Actually, this is the earliest method of raising rice. Rice is said to have initially been domesticated in Ancient China. Rice was first domesticated and farmed in the middle and lower Yangtze river basins at least 8500 years ago, according to wetland theories. The rice paddy culture extended to adjacent countries such as India, Japan, Taiwan, the Philippines, Vietnam, and pretty much the rest of East and South Asia.

6. Deepwater rice is grown in water over 50 cm deep

Deepwater rice is identical to paddy rice, however the water depth is different. Whereas a typical rice field contains shallow water (less than 50 cm), deepwater rice is planted in water deeper than 50 cm, often at least 1 metre deep, for at least 30 days.

This virtually eliminates the weed problem, although not all rice can be grown in this manner. Over millennia, several specific rice varieties have been perfected to grow in high standing water.

The main factor that allows and actually aids rice growth is the production of ethylene. This gas must be released into the atmosphere, causing the plant to grow significantly higher as the water level rises. The rice will eventually rise to the surface of the water, releasing the ethylene. This type of rice farming is not popular, but it does exist.

7. Upland rice is a dry crop

Dry crop rice has far greater difficulties than regular rice paddies or even deepwater rice. Such crops require regular and deep irrigation, yet they are susceptible to weeds and pests. The uplands are typically infertile, with frequent droughts. Growing rice there is difficult, but local farmers have found a solution.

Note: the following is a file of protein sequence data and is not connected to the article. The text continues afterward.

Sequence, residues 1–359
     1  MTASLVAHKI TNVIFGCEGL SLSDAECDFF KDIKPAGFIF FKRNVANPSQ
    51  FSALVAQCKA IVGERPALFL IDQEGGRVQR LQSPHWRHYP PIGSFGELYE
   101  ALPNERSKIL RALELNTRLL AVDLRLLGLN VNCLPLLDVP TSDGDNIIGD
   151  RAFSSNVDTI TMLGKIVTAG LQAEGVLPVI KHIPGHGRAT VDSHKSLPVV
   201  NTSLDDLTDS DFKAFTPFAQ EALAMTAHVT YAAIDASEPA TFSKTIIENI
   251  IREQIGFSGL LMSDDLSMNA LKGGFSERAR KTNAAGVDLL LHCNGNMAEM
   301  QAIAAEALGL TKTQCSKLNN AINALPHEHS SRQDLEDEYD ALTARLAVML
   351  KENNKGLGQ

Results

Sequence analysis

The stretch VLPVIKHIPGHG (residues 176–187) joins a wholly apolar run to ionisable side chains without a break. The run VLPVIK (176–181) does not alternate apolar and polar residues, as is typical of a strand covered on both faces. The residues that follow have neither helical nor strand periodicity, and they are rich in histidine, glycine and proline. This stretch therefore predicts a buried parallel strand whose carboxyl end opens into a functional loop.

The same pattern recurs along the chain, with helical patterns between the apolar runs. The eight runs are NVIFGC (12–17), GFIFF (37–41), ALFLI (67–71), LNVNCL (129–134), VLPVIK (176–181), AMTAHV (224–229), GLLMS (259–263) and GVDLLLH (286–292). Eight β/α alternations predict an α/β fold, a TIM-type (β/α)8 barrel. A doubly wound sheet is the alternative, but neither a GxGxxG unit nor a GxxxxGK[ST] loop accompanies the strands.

Researchers have produced drought-resistant rice varieties and crossed them with native species grown by farmers. This resulted in better crops for farmers, but weeds and pests remain a major issue.

8. Rice-fish systems

The rice-fish system is one development that occurred roughly 1000 years ago. The fish and rice plants have a symbiotic interaction. The rice provides shade, a few insects for the fish to nibble on, and plenty of space to hide if necessary. In exchange, the fish constantly move the water Because rice does not thrive in entirely standing, bog water. They also feed on pests that may attack rice fields and help to reduce a type of rice disease.

In summary, both the fish and the rice gain from their association, and they’re growing more prevalent. Not all rice is farmed in this manner, and not all fish are nutritious. Carp, crayfish, tilapia, Chinese mitten crab, and snakeskin gourami are examples of approved fish that benefit the rice environment and pair well with it. Catfish, paddy eels, and snakeheads, on the other hand, are pests that threaten the balance of the rice-fish system.

The primary rationale for growing fish alongside rice was originally to save space by growing animal protein alongside carbohydrate foods. This effectively ensured a whole supper in a single pond. As the practise has grown, environmental considerations are becoming increasingly obvious. The combination of aquaculture with agriculture appears to be beneficial, and more rice harvests are being cultivated in this manner.


Rice is planted in water primarily to preserve the rice crops from pests. I hope this article helped to clear up any uncertainty, because it can be strange to realise that a plant is growing while the fields are flooded. Flooding may appear to be a disaster for crops, and it is for many other crops, but not for rice.

Also Read: How Long Does Wheat Take to Grow?